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About Tock

Designer:
(Uncredited)
Artist:
(Uncredited)
Editor:
publisher  
Year:
1608
Developed by
Jean Portemer (Woodruff)
Number of games played
10 059
Number of players:
2 - 6
Game duration:
18 mn
Complexity:
3
Strategy:
3
Luck:
3
Interaction:
1
Release
191118-1820

Board Game Arena would like to thank (Public Domain) for making it possible to have this game here.

See the game in action


You can also: Watch a game in progress (393 games in progress)

Summary

Tock is a card-and-board game for 2 to 6 players. With 4 or 6 players, it is possible to create two or three teams of 2 players, sitting opposite of each other.

The game concept is the same as Ludo, Sorry! or Mensch ärgere Dich nicht: Each player owns 4 pawns, has to bring them out of their start area into the game circle, and then race them into their home zone.

The difference is that the players don't roll a die. Instead, standard playing cards (like those used in Bridge or Rummy) are dealt to the players, and they can choose to play one of their cards to move a pawn.

Object of the game

In single player games (no teams), the winner is the player who is first to get all 4 pawns into his home.

In team games, the winner is the team that is first to get the pawns of both players into their corresponding homes. After the first player of a team has brought all of his pawns into his home, both players continue to play with the remaining color.

Setup of your game on Board Game Arena

Game Type

You can choose between three game types.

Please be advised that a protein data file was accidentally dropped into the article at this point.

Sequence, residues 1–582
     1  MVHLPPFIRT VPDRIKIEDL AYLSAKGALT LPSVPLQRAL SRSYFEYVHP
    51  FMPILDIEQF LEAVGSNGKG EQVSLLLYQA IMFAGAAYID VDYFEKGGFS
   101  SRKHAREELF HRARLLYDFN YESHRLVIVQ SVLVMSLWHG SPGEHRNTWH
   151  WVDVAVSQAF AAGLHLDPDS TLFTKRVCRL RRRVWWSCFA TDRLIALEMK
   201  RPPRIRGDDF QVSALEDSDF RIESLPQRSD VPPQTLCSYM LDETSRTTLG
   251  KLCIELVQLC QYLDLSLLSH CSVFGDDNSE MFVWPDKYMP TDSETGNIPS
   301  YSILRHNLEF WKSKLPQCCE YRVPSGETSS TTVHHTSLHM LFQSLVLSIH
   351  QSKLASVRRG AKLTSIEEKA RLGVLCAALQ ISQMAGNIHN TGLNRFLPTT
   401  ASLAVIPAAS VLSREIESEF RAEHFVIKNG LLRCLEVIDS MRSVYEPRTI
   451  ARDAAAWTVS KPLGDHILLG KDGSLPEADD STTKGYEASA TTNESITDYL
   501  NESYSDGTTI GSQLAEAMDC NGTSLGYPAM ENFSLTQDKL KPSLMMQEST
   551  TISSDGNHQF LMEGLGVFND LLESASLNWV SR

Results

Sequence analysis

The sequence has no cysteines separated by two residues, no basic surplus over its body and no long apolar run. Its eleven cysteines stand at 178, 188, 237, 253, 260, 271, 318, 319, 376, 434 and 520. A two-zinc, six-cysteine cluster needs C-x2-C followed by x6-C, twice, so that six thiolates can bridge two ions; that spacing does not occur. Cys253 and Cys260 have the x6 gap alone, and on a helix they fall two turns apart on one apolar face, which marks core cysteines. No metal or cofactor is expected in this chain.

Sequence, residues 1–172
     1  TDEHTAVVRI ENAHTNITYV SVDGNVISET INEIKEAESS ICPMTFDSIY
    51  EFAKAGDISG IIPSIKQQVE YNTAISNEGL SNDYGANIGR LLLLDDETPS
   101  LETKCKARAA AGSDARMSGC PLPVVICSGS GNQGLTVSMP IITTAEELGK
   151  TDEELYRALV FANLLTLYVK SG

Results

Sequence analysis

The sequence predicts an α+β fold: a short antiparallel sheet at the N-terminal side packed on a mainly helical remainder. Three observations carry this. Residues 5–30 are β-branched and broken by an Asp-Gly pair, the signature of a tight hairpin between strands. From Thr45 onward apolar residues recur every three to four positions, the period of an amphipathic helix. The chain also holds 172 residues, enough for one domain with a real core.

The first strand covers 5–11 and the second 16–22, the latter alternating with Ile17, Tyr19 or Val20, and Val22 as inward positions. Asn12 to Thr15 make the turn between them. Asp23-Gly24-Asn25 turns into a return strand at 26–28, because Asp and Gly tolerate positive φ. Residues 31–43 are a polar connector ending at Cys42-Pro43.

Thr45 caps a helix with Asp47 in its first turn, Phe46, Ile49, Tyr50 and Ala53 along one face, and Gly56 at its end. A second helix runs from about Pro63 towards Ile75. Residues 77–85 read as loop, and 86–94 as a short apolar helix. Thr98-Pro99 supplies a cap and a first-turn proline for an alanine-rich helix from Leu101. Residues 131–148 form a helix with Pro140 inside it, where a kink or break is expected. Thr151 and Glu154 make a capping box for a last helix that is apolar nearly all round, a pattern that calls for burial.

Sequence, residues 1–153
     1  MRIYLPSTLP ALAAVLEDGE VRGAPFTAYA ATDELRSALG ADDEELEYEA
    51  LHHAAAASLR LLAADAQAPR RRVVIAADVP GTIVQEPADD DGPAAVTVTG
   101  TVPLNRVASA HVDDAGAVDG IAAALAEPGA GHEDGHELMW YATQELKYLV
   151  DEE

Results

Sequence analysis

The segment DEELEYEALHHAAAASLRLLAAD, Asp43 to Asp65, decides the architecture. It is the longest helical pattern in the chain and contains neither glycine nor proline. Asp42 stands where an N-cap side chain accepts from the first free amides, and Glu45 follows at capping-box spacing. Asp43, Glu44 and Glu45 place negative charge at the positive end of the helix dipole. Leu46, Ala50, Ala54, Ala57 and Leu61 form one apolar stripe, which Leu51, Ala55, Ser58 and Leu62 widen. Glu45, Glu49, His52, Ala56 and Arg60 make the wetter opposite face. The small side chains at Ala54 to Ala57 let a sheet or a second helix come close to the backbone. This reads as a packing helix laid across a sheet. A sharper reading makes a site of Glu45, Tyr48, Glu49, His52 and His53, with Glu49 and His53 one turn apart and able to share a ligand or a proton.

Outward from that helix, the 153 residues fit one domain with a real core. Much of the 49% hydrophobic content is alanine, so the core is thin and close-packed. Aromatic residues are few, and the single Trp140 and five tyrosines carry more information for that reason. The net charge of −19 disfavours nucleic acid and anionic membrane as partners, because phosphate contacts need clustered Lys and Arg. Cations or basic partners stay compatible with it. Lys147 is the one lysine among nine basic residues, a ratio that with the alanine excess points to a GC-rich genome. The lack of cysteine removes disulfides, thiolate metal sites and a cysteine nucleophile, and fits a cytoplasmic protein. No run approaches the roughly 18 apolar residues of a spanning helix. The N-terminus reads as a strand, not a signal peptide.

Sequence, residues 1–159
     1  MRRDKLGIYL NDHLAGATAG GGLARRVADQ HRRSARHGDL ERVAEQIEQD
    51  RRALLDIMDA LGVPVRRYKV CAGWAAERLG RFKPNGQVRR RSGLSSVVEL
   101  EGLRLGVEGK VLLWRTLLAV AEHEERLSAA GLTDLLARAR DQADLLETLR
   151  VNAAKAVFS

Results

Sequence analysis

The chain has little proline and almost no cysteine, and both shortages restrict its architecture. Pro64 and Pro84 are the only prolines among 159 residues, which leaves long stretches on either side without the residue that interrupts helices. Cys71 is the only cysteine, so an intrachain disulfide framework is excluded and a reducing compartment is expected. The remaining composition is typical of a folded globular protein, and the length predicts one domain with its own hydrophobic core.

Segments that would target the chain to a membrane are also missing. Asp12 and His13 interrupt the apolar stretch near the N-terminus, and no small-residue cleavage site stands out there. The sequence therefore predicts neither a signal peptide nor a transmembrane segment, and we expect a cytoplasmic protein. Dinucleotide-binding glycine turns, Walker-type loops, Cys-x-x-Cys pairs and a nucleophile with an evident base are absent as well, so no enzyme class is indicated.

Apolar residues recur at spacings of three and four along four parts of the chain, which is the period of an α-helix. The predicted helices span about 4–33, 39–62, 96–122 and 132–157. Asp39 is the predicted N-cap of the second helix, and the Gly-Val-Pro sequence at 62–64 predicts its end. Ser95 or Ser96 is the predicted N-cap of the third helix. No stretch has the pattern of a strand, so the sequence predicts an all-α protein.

Free-for-all: This is the single player game, everyone fights for him- or herself, no mercy, no friends, just run and eat every pawn that has the wrong color.

2 vs 2: When you get 4 players at your table, there will be two teams with two players. Assuming that players A1 and A2 belong to team A, and B1,B2 to team B, then the turn order will be A1, B1, A2, B2. With any other number of players, you will play Free-for-all.

2 vs 2 vs 2: When you get 6 players at your table, there will be three teams with two players each. The turn order will be A1, B1, C1, A2, B2, C2.

Game Variants

Because it can be frustrating when the game starts and you don't have any card to let you start, there is the "start configuration" variant that allow you to place your first pawn on your start field before the game starts (Fast Start)

Playing a hand of cards

One of the players takes the role of the dealer and deals three to five cards to each player. The exact number of cards dealt depends on the number of players, and varies so that the 52 cards of the deck can be distributed evenly. For example, in a 2 player game, the first two hands contain 5 cards, followed by four hands of 4 cards. Don't worry, the game takes care of this automatically. After all cards of a hand are played, the role of the dealer moves to the next player.

The player following the dealer gets the first turn. In each turn, a player plays one of his hand cards and moves one or more pawns. The played card determines which move is possible. Then the next player takes his turn. This continues until all hands are empty, then the role of the dealer moves the player following the previous dealer, new hands are dealt from the remaining deck and the next round begins. And yes, you're right, this means that the dealer misses a turn.

When all cards of the deck have been dealt and played, they are shuffeled as the new deck and the game continues.

Exchanging of cards

In team games, after dealing, each player exchanges one card with his team partner. Both partners choose a card, then the cards are exchanged. It is important to choose a card that is most useful for the team partner.

Start Field

Each player has a start zone, where their pawns are placed at the beginning of the game. Near the start zone, a field in the game circle is marked in the player's color. This is the start field. When a pawn is brought into play (see Ace or King), it is placed on that start field. Pawns are protected on that start field. They cannot be eaten, they cannot be skipped, and they cannot be swapped by a Jack. Once a pawn leaves the start field, the protection ends, even if it returns to it!